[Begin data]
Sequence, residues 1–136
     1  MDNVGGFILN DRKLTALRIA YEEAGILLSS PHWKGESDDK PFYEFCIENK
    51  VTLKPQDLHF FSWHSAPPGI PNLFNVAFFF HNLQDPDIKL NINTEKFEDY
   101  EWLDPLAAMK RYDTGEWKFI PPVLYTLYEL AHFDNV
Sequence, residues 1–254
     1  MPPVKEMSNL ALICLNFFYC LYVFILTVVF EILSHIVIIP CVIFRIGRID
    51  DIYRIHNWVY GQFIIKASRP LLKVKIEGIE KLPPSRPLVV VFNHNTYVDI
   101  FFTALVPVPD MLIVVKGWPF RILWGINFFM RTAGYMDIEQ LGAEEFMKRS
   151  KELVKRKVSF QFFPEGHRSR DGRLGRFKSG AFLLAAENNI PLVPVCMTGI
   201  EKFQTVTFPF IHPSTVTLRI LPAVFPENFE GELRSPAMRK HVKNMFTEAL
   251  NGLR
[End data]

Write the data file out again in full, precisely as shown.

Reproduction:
Sequence, residues 1–136
     1  MDNVGGFILN DRKLTALRIA YEEAGILLSS PHWKGESDDK PFYEFCIENK
    51  VTLKPQDLHF FSWHSAPPGI PNLFNVAFFF HNLQDPDIKL NINTEKFEDY
   101  EWLDPLAAMK RYDTGEWKFI PPVLYTLYEL AHFDNV
Sequence, residues 1–254
     1  MPPVKEMSNL ALICLNFFYC LYVFILTVVF EILSHIVIIP CVIFRIGRID
    51  DIYRIHNWVY GQFIIKASRP LLKVKIEGIE KLPPSRPLVV VFNHNTYVDI
   101  FFTALVPVPD MLIVVKGWPF RILWGINFFM RTAGYMDIEQ LGAEEFMKRS
   151  KELVKRKVSF QFFPEGHRSR DGRLGRFKSG AFLLAAENNI PLVPVCMTGI
   201  EKFQTVTFPF IHPSTVTLRI LPAVFPENFE GELRSPAMRK HVKNMFTEAL
   251  NGLR